Vestige of Marblehead
August 30, 2021
Vestige Of Marblehead’s Maritime Heyday – 80+ years Later
North of Boston lies a historic village with old crooked streets - Birthplace of the American Navy, a village that once titled “Yachting Capital of the World”. With a natural deep-water harbor, and more grand yacht clubs than anywhere on the planet, Marblehead earned its reputation. Home to all things nautical from yacht designers and builders to world famous skippers – it all happened in this curious coastal town 14 miles north of Boston.
At the turn of the century Americans flocked to this rustic outcropping to enjoy summer on the water. Fred L. Woods Jr. was the son of a prominent Boston yachtsman and the Woods Family would make the annual pilgrimage to enjoy a summer of sailing. As a child, Fred sailed at the Pleon Junior Yacht Club, later he enrolled at Tabor Academy, and then the U.S. Naval becoming Lt. Commander.
One summer on a return to his beloved Marblehead, Fred met his bride – a native Marbleheader and renaissance woman – Nathalie Frost Hawks (Woods), he set up shop here --for the rest of his life. establishment is among the one-of-kind historic treasures that help Marblehead remain The Shop - F.L.WOODS Nautical Instruments & Supplies
In 1938 Fred founded F.L.WOODS Jr. Nautical Instruments & Supplies and in ‘39 was awarded the first U.S. Government Chart Agency. Fred soon became known as “the source” for mariners-- F.L.WOODS was on its way to becoming the yachting epicenter in the heyday of Marblehead’s seafaring past. With Fred’s early passing Nathalie found the shop in her hands. She went on to become the first female U.S. Government Chart Agent. For dozens of years to come, Nathalie marched down Washington St. with accuracy to set your watch by -- in her hat, skirt, pumps and canvas bag.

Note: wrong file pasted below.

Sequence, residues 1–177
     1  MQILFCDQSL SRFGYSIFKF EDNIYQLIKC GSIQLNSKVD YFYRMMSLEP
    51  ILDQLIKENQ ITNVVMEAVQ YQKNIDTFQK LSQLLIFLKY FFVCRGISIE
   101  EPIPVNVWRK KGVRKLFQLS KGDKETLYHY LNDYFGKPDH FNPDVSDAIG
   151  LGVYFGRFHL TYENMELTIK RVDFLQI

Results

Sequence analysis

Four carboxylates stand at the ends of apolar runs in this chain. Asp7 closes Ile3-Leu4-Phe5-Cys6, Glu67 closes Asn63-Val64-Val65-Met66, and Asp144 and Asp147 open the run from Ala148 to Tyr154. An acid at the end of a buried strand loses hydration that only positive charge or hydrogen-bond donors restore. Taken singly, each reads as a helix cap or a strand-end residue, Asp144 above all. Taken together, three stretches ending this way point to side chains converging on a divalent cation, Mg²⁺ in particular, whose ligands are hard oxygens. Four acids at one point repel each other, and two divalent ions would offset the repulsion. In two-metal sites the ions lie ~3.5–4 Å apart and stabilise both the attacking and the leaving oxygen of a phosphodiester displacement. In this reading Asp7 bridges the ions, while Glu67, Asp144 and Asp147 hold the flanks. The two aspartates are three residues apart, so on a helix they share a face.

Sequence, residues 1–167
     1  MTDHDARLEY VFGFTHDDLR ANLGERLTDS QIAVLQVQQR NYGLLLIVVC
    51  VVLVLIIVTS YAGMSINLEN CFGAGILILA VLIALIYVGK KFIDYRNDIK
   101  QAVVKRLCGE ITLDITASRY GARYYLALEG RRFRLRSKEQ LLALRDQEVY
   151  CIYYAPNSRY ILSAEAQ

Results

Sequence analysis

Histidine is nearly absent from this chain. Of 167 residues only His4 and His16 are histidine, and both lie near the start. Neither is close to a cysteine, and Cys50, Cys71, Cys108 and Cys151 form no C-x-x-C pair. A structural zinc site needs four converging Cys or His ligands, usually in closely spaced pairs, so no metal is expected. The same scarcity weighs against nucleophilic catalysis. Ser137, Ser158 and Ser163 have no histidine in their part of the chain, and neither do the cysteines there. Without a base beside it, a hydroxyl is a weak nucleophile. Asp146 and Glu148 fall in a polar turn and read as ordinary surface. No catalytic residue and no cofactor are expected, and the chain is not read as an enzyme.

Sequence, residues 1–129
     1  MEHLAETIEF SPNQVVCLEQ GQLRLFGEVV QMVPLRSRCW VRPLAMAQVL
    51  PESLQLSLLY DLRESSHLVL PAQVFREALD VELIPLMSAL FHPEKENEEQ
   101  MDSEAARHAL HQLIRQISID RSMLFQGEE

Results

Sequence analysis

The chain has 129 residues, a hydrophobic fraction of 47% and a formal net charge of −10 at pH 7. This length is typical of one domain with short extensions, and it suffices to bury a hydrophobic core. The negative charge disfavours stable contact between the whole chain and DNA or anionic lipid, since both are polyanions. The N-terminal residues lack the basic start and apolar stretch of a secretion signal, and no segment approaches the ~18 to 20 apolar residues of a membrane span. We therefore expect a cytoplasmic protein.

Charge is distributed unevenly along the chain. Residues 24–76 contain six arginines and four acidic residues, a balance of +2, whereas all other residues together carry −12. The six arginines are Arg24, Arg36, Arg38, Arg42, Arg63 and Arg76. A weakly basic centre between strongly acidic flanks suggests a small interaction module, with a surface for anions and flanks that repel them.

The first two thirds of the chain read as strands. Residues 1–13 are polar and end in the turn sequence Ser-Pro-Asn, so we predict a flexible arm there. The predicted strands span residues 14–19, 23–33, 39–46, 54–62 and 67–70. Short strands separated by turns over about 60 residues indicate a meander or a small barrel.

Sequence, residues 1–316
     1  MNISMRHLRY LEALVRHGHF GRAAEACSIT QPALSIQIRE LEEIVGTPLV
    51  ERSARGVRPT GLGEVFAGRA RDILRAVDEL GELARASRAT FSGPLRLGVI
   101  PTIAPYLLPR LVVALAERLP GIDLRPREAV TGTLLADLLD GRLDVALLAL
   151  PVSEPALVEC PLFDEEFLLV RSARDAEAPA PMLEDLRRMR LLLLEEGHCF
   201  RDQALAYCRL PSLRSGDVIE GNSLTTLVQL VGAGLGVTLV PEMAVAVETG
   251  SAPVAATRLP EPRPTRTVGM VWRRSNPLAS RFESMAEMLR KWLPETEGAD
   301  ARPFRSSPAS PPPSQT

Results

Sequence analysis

Celebrating 80+ Years
More than 80 years later, F.L. Woods, in its original federal building, is as relevant and vibrant as ever under the careful stewardship of Fred & Nathalie’s neighbor - W. B. George. With equal parts historical reverence and modern style savvy, George has brought F.L. Woods into the 21st-century while retaining the shops vintage “salt-water-in-its-veins” flavor. Customers still buy charts, cannons, and all manner of nautical burgee -- but what’s more, George designs and manufacturers a line of clothing and goods that carry the establishments trade-mark Buoy Logo. A cornerstone of this handcrafted line is a collection of products in a once-famous yacht paint color -- called Marblehead Green. This greenish grey color once adorned the bottom of yachts, now re-lives its glory in a line of pants, shorts and other goods.